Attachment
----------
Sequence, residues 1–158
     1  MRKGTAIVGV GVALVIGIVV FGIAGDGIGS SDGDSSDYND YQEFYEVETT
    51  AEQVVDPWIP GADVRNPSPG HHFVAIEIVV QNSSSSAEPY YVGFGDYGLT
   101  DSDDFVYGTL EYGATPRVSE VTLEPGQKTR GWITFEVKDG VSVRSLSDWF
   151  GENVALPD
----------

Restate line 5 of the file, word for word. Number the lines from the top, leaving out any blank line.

   151  GENVALPD